Obesity has many adverse effects on cardiovascular risk factors, such as dyslipidemia, metabolic syndrome or type 2 diabetes mellitus, and hypertension, as well as on cardiovascular structure and function. Therefore, it is not surprising that the prevalence of cardiovascular diseases is markedly increased in the setting of overweight and obesity.1 Considering that increased fat accumulation causes increases in total blood volume, stroke volume, and cardiac output, it is expected that obesity markedly increases the prevalence of hypertension and places a heavy strain on the left and right sides of the heart, which not surprisingly increases the prevalence of heart failure, even in a setting of metabolically healthy obesity.1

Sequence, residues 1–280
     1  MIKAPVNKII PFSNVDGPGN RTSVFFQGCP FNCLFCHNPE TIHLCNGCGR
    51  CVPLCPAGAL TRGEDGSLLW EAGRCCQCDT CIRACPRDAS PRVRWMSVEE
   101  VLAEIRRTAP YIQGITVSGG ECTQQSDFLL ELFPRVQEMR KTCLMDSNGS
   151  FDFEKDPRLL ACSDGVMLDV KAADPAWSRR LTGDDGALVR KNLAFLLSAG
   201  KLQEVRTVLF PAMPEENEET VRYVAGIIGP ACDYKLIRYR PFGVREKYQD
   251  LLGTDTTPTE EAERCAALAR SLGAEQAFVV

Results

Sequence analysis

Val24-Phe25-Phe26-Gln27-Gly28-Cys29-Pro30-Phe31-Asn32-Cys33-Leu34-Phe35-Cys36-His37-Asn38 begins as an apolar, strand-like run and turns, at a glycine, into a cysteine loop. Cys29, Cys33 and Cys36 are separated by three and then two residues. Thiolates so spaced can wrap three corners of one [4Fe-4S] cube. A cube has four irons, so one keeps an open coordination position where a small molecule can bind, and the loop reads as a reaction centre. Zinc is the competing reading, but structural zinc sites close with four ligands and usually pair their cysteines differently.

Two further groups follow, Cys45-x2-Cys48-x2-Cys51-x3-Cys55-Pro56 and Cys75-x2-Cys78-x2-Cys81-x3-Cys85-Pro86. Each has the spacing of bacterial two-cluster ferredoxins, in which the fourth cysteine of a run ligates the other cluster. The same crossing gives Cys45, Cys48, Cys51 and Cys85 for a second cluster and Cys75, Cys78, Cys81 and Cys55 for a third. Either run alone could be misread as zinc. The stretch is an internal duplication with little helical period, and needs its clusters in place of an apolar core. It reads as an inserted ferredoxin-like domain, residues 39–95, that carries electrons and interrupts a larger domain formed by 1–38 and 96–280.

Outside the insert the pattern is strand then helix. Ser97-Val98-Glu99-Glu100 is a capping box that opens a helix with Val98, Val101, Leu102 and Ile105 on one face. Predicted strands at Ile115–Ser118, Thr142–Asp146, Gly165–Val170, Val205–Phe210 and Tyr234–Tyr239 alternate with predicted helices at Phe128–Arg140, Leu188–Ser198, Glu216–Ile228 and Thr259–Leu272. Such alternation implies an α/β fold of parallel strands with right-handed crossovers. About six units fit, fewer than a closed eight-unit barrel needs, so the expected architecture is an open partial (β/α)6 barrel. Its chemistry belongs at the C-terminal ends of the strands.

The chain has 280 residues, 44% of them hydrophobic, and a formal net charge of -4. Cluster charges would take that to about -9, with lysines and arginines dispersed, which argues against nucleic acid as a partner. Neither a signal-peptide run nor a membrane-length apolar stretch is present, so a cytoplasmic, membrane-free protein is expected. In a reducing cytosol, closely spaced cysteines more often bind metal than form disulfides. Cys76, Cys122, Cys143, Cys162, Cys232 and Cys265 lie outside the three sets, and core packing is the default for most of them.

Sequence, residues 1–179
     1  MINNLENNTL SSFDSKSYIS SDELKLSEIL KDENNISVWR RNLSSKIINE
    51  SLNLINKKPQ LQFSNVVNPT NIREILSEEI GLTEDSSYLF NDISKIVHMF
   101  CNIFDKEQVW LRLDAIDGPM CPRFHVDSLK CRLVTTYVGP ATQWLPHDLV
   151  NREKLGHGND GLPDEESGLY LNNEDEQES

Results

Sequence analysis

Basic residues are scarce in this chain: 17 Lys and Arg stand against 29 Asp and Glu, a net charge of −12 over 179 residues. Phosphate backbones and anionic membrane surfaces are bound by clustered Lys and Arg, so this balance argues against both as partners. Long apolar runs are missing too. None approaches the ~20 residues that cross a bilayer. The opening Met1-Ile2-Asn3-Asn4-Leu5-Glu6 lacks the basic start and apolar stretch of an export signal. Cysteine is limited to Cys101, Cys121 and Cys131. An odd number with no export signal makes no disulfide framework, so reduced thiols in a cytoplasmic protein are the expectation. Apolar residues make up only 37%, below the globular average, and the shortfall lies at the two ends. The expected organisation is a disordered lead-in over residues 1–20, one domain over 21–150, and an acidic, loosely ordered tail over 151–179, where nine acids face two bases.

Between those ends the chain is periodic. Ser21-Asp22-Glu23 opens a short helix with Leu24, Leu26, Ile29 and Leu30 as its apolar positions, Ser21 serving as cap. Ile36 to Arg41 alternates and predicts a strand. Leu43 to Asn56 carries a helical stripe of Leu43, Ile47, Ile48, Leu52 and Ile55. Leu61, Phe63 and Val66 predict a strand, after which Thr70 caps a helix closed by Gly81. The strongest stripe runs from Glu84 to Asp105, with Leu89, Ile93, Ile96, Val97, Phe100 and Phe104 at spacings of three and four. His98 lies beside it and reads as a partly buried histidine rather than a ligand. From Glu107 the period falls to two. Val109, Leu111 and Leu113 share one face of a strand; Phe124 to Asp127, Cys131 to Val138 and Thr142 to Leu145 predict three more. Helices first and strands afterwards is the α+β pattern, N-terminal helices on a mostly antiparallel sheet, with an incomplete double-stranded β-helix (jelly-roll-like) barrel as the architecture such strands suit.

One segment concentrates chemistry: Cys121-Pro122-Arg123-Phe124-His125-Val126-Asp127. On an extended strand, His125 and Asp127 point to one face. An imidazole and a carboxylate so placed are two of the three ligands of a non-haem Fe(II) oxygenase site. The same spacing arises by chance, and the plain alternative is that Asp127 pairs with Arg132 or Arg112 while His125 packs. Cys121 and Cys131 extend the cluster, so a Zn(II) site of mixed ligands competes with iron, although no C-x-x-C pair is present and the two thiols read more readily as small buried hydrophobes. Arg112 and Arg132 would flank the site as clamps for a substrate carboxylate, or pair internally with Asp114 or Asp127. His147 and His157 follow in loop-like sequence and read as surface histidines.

Lavie CJ, Parto P, Archer E. Obesity, Fitness, Hypertension, and Prognosis: Is Physical Activity the Common Denominator? JAMA Intern Med. 2016;176(2):217–218. doi:10.1001/jamainternmed.2015.7571
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